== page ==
plug can be disconnected, rendering the switch inoperative and allowing
the engine to be restarted to go back and pick up the jetsam. However,
if the connecting plug should vibrate loose or should you simply forget to
plug it in, the safety switch is rendered equally inoperative.
The example installation shown here has the switch mounted in the "dashboard"
of the boat. A trip to the Radio Shack store resulted in the purchase of
a low-voltage "power cord" measuring about 3 1/2 feet in length, and featuring
matching two-prong plugs at either end and also an "in-line' fuse holder.
Cost was about $2.00 plus sales tax. One could certainly use fancier plugs, but
I preferred to go "cheap." The wire was cut in two, and the fuse holder
thrown in the "junk' box for use on a later project, and I now had my disconnect
plugs. As the example engine (the 1953 Evinrude "Big Twin" featured in the
latest "Start to Finish" column series) did not have the existing stop switch, I had
to add the necessary wiring. The magneto was removed from the engine
(see Magnetos column) and two small holes (about 1/8 inch) were drilled through
the bottom of the magneto plate near the ignition points. Be careful not to
drill through anything besides the plate. Also be aware that the wires you add
must not be in the way of moving parts underneath the plate; remember that the
plate rotates to provide "spark advance."
The wires were then feed up through the holes and the ends of the wires were fitted
with crimp-on ring terminals. Then the wires were attached under the screws on
each set of points, the small screws which also hold the wires from the coils and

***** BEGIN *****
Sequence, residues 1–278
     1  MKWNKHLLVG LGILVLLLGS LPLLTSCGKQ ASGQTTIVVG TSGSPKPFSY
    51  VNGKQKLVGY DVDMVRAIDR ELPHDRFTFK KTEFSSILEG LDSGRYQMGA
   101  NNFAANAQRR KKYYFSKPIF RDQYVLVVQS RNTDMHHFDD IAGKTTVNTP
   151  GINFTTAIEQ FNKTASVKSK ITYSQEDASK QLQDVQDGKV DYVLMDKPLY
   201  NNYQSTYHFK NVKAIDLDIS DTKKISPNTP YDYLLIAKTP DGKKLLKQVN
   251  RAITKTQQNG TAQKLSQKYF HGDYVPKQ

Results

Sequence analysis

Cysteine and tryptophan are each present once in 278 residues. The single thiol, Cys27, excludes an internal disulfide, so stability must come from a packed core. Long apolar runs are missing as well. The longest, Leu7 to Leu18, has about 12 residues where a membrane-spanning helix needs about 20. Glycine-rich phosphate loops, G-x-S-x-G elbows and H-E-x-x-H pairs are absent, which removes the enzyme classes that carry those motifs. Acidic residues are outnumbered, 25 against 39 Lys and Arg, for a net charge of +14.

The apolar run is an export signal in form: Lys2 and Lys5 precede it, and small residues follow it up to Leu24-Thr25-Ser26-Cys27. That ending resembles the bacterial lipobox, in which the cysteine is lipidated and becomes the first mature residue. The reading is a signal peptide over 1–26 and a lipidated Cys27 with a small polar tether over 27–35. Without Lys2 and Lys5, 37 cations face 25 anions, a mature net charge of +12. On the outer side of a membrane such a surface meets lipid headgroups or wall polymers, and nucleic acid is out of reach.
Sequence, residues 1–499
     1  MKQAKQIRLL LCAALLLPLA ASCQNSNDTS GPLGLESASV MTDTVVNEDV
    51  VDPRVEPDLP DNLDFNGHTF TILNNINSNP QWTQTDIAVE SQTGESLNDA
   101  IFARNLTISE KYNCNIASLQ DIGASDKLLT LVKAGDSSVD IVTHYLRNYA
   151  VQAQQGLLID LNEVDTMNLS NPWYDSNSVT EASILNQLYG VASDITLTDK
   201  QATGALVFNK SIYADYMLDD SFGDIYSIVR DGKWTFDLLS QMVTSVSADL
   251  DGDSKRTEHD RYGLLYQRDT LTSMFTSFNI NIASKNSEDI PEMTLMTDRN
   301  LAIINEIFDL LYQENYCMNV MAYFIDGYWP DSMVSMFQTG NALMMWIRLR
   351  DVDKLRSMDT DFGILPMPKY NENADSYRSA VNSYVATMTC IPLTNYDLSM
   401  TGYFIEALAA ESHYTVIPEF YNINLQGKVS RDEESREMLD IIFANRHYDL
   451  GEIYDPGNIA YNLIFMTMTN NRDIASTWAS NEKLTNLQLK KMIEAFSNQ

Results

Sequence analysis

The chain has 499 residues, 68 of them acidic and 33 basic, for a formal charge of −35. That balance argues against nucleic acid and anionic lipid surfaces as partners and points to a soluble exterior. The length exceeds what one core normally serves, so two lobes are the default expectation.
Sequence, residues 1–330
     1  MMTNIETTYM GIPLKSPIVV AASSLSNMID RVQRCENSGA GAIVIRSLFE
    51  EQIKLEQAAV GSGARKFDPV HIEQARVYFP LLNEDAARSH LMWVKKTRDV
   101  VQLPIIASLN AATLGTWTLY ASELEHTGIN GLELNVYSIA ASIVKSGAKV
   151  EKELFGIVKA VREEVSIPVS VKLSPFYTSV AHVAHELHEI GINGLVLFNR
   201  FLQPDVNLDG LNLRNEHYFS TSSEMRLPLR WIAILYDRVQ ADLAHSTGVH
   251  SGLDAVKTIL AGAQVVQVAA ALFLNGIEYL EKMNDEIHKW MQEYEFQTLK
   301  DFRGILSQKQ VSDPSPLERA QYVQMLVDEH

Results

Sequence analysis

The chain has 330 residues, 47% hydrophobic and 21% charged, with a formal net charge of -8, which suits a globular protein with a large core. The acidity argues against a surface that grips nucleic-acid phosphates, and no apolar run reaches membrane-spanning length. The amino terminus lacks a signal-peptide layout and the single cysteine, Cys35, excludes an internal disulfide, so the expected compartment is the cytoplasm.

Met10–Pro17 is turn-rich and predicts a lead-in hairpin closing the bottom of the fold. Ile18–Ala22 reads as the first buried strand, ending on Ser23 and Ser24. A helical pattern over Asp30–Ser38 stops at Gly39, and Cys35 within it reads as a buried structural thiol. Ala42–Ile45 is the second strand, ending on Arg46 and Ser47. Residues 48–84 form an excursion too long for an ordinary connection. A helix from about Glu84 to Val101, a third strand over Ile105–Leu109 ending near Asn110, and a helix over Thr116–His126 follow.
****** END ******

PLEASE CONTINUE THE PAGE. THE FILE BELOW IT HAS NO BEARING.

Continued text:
also the wires from the condensers. After this 10 minutes of work, the magneto was
ready to be reinstalled on the engine.
Be sure to rotate the magneto through the full range of it's rotation to be sure that
the wires will not interfere with it's movement. Then route the wires out of the cowling
at some convenient place and the engine is done.
If your engine is already fitted with a push-button stop switch, all you have to do is
disconnect the wires from the push-button stop switch and attach the wires to
a quick connect plug, or in the case of a motor-mounted safety kill switch,
connect the wires directly to the kill switch. This will render the "push to stop"
switch inoperative, but you can always pull the lanyard to stop the engine.
There is no need to remove the flywheel and magneto if the "push to stop"
switch and wiring is already present.
The example switch was installed in a round hole drilled in the dashboard of the example
boat, and then two wires lead from the switch back to the transom, said wires being
soldered to the wires on the "other half" of the Radio Shack power cord to provide
the "boat end" connector plug to attach to the connector plug on the motor.
And that is all there is to it; be sure to thoroughly test your new safety kill switch, and
as mentioned before, give some thought as to how the engine can be restarted
without the lanyard being present, and in the case of the boat-mounted switch, give
some thought to the possibility of the switch being accidentally disconnected.
By the way, if you are running a single-cylinder engine, you connect one wire to
the single set of ignition points, and the other wire to a "ground" on the engine.
That is how I how I made the connection to my 1940 22hp Johnson, which does
have two cylinders, but both cylinders "fire" simultaneously from a single set of
Wishing you safe motor'n!